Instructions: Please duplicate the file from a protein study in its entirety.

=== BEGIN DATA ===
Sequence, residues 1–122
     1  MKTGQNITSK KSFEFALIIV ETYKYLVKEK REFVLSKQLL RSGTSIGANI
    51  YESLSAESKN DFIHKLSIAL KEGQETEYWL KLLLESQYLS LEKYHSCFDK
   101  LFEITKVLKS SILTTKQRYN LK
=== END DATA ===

Sequence, residues 1–122
     1  MKTGQNITSK KSFEFALIIV ETYKYLVKEK REFVLSKQLL RSGTSIGANI
    51  YESLSAESKN DFIHKLSIAL KEGQETEYWL KLLLESQYLS LEKYHSCFDK
   101  LFEITKVLKS SILTTKQRYN LK